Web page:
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The voice of Scotland’s vibrant voluntary sector

Published by Scottish Council for Voluntary Organisations

TFN is published by the Scottish Council for Voluntary Organisations, Mansfield Traquair Centre, 15 Mansfield Place, Edinburgh, EH3 6BB. The Scottish Council for Voluntary Organisations (SCVO) is a Scottish Charitable Incorporated Organisation. Registration number SC003558.

Care charity expansion as it creates more than 60 new posts

This news post is over 1 year old

Rota changes will also improve staff work/life balance and help service users

Scottish child and youth care provider Kibble has expanded by creating more than 60 new full time posts.

It says it has built on its staffing provision to meet the changing care needs of young people who require round the clock care.

In addition, the organisation has also introduced a revamp of its current rota-based system to ensure consistency within its care provision 24/7.

The change comes after a period of reflection on the changing care requirements for young people across the country, at a time when they often require more support. It will also allow for enhanced consistency in the staff working within each residential home or care service, allowing young people to build on relationships with staff looking after them.

Kibble says the moves will improve work/life balance for its employees who will now work less hours for the same pay, resulting in a 12% hourly pay increase for all care staff, in addition to more downtime between shifts and working fewer consecutive days on any given week.

As the organisation strengthens its staffing provision, it said it is also determined to enhance its existing employee benefits for health and wellbeing. Benefits currently include free parking, free meals on shift, a gym membership, cash for health scheme and access to physiotherapy.

Jim Gillespie, chief executive of Kibble, pictured above, said: “Many of the young people we care for have experienced relationships which have been detrimental to their wellbeing. In order to heal and build on trust, it is incredibly important that they have strong relationships and are able to develop a bond with the staff who care for them.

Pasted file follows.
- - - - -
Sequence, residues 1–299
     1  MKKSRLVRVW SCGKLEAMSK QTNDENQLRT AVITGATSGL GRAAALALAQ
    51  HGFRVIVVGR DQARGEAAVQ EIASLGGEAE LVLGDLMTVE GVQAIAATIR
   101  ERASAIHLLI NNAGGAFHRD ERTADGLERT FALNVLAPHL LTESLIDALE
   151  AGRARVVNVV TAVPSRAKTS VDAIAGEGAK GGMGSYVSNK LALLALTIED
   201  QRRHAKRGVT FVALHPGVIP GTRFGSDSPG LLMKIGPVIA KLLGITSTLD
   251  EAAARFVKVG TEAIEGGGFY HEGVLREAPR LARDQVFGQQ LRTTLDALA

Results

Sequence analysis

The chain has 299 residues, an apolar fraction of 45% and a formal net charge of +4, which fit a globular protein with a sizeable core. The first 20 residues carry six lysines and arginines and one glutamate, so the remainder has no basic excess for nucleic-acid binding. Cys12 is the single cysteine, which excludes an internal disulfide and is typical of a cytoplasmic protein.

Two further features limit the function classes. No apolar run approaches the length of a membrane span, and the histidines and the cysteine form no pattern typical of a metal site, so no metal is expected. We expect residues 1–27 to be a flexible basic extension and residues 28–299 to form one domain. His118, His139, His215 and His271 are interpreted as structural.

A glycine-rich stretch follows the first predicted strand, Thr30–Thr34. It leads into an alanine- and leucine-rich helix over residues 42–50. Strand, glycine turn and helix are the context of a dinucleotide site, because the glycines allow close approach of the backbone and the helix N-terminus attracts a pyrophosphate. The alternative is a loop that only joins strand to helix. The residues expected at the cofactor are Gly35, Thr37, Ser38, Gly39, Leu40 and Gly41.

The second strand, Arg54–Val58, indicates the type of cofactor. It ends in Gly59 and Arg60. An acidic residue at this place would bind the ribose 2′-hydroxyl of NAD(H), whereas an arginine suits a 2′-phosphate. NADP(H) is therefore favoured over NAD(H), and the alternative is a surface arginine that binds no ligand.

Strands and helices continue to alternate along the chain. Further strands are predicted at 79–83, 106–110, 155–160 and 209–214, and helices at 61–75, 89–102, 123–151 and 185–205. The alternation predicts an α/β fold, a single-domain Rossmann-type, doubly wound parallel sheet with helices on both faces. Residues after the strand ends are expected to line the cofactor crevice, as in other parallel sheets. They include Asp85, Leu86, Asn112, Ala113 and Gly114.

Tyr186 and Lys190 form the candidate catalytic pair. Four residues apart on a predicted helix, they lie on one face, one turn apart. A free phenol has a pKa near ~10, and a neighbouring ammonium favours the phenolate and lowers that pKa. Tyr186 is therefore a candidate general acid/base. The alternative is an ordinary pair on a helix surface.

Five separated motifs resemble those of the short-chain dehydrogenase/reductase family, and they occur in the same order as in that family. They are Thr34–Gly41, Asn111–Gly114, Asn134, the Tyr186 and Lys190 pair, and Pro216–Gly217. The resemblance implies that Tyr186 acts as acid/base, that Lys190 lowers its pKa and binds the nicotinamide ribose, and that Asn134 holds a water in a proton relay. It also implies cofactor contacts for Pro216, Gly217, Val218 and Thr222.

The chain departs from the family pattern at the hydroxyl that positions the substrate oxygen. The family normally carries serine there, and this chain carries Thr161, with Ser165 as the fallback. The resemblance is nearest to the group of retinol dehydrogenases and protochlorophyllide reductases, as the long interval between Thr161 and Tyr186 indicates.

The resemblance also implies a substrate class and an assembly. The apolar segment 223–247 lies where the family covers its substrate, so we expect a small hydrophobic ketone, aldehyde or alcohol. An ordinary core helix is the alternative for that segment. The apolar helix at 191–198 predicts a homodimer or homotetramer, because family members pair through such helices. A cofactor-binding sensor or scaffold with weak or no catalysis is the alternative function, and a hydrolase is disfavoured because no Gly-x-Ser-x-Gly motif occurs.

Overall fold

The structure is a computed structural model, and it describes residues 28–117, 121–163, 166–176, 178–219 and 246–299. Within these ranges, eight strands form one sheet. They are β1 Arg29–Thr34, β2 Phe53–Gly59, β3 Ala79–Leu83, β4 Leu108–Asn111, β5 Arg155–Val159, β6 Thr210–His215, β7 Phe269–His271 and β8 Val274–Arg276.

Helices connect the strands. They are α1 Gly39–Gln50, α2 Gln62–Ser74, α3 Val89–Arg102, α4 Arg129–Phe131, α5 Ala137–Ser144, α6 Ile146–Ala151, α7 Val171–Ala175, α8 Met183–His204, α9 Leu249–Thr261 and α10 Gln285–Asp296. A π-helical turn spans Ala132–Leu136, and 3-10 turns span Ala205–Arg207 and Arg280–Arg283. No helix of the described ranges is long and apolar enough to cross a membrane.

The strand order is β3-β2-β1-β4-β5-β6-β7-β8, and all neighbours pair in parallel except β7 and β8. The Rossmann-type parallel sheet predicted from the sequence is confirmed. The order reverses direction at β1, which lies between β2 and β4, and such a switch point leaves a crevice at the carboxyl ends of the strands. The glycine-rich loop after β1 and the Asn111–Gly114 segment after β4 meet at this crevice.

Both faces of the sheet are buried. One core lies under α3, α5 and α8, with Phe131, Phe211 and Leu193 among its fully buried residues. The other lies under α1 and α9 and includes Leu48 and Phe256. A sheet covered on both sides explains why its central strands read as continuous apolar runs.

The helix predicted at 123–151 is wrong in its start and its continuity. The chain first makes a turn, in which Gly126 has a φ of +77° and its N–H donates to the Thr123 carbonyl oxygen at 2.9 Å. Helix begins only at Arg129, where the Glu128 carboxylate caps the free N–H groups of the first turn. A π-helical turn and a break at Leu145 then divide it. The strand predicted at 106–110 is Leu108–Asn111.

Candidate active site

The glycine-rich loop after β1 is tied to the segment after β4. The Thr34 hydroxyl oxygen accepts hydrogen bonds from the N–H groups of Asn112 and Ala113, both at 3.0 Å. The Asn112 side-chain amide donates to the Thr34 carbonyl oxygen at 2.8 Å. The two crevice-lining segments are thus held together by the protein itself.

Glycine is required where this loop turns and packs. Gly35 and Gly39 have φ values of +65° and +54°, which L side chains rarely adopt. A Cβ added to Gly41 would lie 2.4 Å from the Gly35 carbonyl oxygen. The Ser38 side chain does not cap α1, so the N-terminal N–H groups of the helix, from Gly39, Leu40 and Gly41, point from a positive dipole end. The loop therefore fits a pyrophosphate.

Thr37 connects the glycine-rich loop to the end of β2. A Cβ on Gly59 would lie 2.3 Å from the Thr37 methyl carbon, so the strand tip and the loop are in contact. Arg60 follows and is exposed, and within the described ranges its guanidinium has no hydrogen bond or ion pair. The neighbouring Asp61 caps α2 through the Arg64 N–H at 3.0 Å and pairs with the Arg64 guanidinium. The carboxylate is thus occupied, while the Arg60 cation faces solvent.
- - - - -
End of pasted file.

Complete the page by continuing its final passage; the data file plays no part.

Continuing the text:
“We need to be at the forefront of what the best possible care we can provide young people looks like and continue to adapt as their needs change.”

Kibble provides care for young people from across the country, with its 700-strong staff providing care and education within its Paisley campus in addition to community housing, foster care, and its Forest View School and residential home for children under 12 in Lochwinnoch.

The organisation continues to develop its pipeline of child and youth care workers through its Staff in Training programme and has committed to an intake of trainees a minimum of twice per year, allowing people from all walks of life the chance to work for Kibble, gain a HNC in Social Services as well as extensive training, personal mentoring, and ongoing guidance.

Gillespie added: “We rely on our team to give young people a chance in life and provide them with outstanding care that always goes above and beyond. To support our staff to do this, we believe that it is essential for us to ensure their own wellbeing and protection with a support system that enables an improved work/life balance.

“The need for our services is more prevalent than ever before, following what has been an incredibly challenging period for families across Scotland and the UK, and we are committed to investing in our staff, services and facilities to provide the best possible care for children and young people across Scotland.”

Kibble was recently awarded the titles of Medium Employer of the Year and Scottish Top Employer of the Year at the Herald Top Employer Awards.